“There are lots of tax plans being sold by consultants who say, ‘Hey, you’ve got all these intangibles in the U.S., and we can show you a way to move them to a tax haven offshore,’” notes Janice Lucchesi, vice president of tax for the Chicago-based affiliate of Akzo Nobel NV, a Dutch manufacturer of pharmaceuticals, chemicals, and coatings products. Still, she contends that existing rules already enable the IRS to go after such abuses. “In those cases, ‘TaxhavenCo’ didn’t pay a high enough price for transferring the assets offshore, and the IRS should go back and adjust the toll,” says Lucchesi.
And while the outcome of the Westreco case suggests that the IRS may find that difficult to do, the new rules “cast the net too wide,” says Robert Ackerman, national director of transfer-pricing services for Ernst & Young. He notes that the new rules are riddled with ambiguities that could be turned by the IRS into audit weapons with which to pursue additional revenue from companies that aren’t engaged in abuse. For instance, the IRS says even back-office services may not qualify for cost-plus treatment if they are “high value,” “highly integrated,” or “nonroutine”—all terms that Ackerman and other critics say are woefully ill-defined.
The IRS acknowledges that low-margin back-office functions, such as payroll, accounting, and bookkeeping services, may add little if any value beyond their cost savings. But the agency contends that some services—such as those using internally developed software, for example—might have great value and therefore shouldn’t be evaluated on a cost-plus basis, even if the apparent markup is sizable. “A markup of 30 or 40 percent might in theory be the right number for such a high-value service,” says the IRS’s Breen, “but you wouldn’t necessarily be able to tell based on the metric used for calculating it.” For that reason, the new rules say that if a markup exceeds 10 percent, a company may have to value the service based on the subsidiary’s share of the parent’s profits or another, more-appropriate method.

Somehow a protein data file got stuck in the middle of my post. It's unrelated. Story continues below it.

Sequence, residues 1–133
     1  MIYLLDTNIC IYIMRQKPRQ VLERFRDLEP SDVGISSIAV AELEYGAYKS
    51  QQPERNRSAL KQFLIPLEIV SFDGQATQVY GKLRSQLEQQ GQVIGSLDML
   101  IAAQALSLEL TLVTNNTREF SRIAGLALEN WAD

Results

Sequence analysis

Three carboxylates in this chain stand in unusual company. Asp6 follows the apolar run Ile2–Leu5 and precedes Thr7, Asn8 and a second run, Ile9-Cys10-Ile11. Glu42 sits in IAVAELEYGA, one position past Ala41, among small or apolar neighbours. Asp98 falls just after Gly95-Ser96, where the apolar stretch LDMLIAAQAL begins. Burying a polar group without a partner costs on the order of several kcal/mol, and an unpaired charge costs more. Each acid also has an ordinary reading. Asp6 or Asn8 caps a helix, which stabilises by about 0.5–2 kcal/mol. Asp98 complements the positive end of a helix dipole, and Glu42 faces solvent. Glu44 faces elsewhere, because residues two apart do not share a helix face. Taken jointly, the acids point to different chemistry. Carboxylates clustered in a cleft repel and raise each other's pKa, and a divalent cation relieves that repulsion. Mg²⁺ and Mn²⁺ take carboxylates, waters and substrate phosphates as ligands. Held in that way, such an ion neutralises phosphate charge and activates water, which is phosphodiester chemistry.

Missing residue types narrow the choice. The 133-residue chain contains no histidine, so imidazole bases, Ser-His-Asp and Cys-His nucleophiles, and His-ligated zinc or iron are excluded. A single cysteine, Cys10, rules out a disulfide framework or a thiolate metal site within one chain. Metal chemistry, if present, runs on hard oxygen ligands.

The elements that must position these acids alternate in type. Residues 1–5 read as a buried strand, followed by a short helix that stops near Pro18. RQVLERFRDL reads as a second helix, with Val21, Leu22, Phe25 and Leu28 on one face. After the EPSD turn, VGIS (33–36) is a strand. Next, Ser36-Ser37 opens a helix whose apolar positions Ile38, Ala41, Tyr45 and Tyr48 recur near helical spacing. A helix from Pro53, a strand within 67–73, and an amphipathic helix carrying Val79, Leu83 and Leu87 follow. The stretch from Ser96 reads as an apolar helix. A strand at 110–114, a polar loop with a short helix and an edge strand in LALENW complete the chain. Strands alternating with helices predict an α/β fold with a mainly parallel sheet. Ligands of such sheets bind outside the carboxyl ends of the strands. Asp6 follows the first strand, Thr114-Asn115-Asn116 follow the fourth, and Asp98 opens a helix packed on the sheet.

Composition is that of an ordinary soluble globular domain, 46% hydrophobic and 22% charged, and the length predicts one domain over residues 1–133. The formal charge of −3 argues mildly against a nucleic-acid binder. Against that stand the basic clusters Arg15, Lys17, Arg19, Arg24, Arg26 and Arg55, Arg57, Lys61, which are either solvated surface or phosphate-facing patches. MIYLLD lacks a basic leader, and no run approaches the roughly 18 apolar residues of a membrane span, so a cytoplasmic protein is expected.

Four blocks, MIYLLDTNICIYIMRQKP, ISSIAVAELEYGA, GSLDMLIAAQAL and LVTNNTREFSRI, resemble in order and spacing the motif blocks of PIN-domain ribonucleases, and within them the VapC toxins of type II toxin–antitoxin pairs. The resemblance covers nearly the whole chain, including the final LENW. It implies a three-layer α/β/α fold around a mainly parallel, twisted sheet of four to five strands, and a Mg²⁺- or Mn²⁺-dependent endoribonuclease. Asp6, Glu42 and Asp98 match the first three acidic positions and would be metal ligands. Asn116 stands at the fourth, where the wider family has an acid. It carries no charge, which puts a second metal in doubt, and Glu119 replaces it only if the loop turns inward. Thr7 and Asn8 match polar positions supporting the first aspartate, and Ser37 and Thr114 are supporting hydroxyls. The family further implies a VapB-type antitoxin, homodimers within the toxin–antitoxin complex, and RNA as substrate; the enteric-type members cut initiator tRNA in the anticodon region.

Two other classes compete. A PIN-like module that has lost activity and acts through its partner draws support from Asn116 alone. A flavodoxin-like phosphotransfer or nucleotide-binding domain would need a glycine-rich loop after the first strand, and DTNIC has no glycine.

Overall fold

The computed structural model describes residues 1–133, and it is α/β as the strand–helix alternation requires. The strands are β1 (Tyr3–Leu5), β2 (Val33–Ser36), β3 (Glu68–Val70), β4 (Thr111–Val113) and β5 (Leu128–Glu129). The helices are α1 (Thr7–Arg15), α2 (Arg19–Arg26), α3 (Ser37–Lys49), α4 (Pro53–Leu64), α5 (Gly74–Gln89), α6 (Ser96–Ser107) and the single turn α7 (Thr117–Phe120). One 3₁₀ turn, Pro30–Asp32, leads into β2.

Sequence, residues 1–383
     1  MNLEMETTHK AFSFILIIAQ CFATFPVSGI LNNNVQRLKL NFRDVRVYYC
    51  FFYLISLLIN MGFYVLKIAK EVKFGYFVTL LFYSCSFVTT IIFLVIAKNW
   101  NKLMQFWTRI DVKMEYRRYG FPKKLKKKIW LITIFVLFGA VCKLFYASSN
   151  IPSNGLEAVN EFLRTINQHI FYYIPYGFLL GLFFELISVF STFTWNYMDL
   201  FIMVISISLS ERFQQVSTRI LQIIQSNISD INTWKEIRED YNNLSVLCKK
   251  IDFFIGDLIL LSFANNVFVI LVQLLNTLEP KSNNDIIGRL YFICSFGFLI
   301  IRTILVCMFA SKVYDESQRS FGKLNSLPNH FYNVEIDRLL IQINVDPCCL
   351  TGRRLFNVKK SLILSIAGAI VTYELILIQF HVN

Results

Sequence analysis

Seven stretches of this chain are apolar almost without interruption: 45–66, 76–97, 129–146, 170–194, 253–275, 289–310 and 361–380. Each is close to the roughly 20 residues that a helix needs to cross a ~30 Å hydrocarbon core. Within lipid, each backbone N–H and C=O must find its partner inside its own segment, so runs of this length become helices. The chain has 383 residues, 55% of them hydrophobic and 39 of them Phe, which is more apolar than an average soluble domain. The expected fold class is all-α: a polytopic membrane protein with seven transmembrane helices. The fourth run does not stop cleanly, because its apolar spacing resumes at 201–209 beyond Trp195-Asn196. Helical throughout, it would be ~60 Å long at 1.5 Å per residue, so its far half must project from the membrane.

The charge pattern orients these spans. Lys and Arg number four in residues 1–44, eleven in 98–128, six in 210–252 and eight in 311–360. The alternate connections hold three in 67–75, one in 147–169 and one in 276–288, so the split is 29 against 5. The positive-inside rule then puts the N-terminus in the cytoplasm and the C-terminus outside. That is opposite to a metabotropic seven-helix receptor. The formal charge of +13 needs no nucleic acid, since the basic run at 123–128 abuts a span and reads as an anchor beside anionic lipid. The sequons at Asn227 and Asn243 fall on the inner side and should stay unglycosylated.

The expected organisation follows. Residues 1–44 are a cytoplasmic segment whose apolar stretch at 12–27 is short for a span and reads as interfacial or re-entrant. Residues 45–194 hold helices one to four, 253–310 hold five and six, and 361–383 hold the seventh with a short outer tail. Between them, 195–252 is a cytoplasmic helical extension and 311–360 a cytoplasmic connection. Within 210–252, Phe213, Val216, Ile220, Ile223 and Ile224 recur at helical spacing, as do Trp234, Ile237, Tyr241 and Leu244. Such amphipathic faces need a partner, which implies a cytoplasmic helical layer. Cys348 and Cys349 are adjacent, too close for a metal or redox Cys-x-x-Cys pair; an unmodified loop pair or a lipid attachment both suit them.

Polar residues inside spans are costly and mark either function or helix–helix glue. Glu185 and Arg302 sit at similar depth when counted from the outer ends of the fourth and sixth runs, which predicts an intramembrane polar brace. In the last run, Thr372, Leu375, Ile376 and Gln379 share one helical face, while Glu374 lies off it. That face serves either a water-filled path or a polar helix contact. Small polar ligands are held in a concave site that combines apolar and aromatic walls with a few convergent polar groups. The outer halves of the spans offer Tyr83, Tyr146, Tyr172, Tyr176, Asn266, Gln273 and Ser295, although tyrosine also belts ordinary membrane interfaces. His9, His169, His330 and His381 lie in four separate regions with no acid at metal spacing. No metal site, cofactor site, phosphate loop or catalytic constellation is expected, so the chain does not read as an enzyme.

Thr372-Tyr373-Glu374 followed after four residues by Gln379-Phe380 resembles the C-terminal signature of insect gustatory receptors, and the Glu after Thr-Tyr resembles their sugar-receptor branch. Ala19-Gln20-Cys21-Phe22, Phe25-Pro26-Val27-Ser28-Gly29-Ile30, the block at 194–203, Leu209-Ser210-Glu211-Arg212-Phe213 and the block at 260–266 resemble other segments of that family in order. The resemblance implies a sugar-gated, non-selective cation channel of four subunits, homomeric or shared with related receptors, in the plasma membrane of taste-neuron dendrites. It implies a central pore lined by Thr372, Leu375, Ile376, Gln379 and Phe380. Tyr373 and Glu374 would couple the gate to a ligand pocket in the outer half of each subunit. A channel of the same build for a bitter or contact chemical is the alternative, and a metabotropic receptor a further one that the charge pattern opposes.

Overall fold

In the end, the IRS sees potential tax avoidance where companies see cost savings. Many companies, for instance, manufacture in China to take advantage of inexpensive labor. But they do so under contract instead of a license not for tax purposes, but because they don’t want to jeopardize their intellectual property in a country notorious for piracy. “We aren’t trying to avoid tax,” says one tax executive at a multinational with Chinese operations. “We’re simply trying to protect our intellectual-property rights.”
Under the proposed IRS regulations, however, companies such as Akzo Nobel would most likely no longer be able to do both.
Ronald Fink is a deputy editor of CFO.
No Ports in This Storm
The new transfer-pricing proposed by the Internal Revenue Service last September would scrap the current safe harbor for services that are “nonintegral” to a company’s business. Instead, multinational companies’ pricing of such services must reflect not just the cost but also an appropriate markup based on what an independent third party would charge for the services. What’s more, if the markup involved in such a “simplified cost-based method” of transfer pricing exceeds 10 percent, the type of service is one of those specifically excluded from transfer pricing according to this method, or is otherwise deemed not to be the “best method” of determining the price, one of five other methods must be employed. Their characterization below is drawn from an article by Thomas M. Zollo, Christopher P. Bowers, and Jeffrey P. Cowan, all with KPMG, entitled “Transfer Pricing for Services: the New Wave Hits,” published this month by CCH Inc.